Can Caffeine Ease Migraine Attacks
A variety of drugs used to treat headaches, such as Excedrin, Anacin, and Midol, contain caffeine.
This is because caffeine may reduce the sensation of pain through its effects on adenosine receptors, which influence pain signaling in the brain.
While research around caffeine and migraine is still ongoing, its thought that since adenosine is involved in the physiological processes associated with migraine attacks, caffeine may be able to reduce some of the pain associated with them via its effect on adenosine receptors.
However, the amount of caffeine consumed and the frequency of consumption, have a lot to do with its beneficial effects.
Recommended Reading: Cream Of Tartar For Headache
Does Caffeine Cause Migraine Getting To Know Caffeines Varied Effects On Migraine
Caffeine is often cited as a headache trigger, but for some people with migraines, a cup of coffee can offer some relief in the midst of an attack. Still, others who have caffeine frequently can suffer migraine attacks triggered by caffeine withdrawal when they skip their morning cup of joe. Often, the key determining factor is the quantity of caffeine consumed: many over-the-counter migraine and headache medications contain caffeine as a key active ingredient, but it is typically included for its role in aiding the bodys absorption of these medicines rather than as a treatment itself.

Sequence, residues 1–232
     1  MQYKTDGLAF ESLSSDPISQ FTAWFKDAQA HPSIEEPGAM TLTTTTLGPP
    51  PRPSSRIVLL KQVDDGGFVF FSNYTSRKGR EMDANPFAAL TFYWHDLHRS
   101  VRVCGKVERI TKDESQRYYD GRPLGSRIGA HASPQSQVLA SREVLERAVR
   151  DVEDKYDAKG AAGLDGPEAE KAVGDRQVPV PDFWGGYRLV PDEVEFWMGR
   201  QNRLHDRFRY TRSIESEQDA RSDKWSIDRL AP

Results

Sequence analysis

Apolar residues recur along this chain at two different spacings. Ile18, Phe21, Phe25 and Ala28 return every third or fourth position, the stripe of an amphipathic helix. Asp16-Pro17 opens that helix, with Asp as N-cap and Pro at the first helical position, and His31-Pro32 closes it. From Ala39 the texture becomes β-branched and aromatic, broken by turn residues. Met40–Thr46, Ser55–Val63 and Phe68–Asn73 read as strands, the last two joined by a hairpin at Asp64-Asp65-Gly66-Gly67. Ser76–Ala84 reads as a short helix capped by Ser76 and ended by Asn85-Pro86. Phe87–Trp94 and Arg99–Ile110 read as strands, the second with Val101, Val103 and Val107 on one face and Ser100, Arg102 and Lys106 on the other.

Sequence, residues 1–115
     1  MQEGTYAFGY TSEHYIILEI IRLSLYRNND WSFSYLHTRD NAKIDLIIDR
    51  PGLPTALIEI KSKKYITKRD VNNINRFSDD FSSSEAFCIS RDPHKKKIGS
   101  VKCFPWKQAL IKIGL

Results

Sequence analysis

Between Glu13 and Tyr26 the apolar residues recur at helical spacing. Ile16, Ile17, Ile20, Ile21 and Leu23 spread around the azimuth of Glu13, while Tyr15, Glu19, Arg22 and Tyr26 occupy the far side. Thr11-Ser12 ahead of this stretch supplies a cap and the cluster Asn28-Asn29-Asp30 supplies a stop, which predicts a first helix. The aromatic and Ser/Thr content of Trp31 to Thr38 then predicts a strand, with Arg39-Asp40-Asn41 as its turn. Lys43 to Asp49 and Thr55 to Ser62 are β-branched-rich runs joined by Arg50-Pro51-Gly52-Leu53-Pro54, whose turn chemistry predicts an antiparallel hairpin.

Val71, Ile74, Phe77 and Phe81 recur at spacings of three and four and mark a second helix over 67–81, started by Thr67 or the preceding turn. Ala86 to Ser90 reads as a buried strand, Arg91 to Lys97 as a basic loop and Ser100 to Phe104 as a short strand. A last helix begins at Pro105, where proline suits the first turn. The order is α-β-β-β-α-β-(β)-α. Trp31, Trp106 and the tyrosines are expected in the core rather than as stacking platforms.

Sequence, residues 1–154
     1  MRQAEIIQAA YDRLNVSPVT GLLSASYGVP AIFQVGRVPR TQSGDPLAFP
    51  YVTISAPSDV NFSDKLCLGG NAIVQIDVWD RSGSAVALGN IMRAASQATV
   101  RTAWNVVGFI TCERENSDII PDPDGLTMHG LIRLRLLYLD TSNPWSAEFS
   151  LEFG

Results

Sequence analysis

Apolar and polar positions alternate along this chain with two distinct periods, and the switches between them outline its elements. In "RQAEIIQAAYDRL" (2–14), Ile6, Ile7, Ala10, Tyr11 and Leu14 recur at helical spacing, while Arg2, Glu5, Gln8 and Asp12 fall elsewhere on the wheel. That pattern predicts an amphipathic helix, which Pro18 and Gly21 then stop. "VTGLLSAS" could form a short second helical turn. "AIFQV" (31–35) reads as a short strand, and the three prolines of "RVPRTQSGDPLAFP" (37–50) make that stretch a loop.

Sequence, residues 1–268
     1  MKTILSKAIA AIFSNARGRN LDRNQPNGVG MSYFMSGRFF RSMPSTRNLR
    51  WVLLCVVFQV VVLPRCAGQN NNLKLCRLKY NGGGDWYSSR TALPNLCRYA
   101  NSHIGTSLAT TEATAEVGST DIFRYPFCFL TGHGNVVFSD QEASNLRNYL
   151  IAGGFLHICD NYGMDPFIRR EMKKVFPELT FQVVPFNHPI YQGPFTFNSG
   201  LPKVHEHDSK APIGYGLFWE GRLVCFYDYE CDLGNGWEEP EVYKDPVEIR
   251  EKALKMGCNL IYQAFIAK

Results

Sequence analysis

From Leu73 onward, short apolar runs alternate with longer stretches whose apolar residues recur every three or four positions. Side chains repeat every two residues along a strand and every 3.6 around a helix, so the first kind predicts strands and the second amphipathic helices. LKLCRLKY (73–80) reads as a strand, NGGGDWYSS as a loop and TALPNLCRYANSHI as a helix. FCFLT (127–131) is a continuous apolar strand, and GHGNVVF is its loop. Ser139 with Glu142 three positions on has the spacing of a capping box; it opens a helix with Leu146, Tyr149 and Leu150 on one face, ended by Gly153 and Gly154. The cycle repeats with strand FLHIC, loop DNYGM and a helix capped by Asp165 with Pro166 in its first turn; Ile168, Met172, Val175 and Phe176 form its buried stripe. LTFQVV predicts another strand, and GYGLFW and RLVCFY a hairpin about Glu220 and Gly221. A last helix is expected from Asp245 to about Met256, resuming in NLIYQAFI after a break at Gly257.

Still, the line between how much coffee, tea or soda will relieve a headache versus the quantity that will cause one can vary widely from person to person, and depends on a variety of factors. Read on for tips on how to determine how much caffeine is right for your migraine management plan.
Understanding How Caffeine Affects You
Caffeine Effects by Headache Type
How To Determine Your Caffeine Limits
Remember to be on the lookout for caffeine in unexpected places, including some teas, chocolate, non-cola sodas, and even decaf coffee. Check the ingredients in any medications you take. Also, consider that caffeine levels can vary widely between different types of coffee: a large McDonalds brew contains 133mg of caffeine, while a venti at Starbucks has roughly 415mg of caffeine.
Reducing Caffeine Reliance
Stimulate Those Pressure Points
Acupressure is a type of traditional Chinese medicine in which you apply pressure to certain points on your body. Its been found to sometimes relieve headaches and ease muscle tension.
A 2010 study found that one month of acupressure treatment relieved chronic headaches better than muscle relaxants did.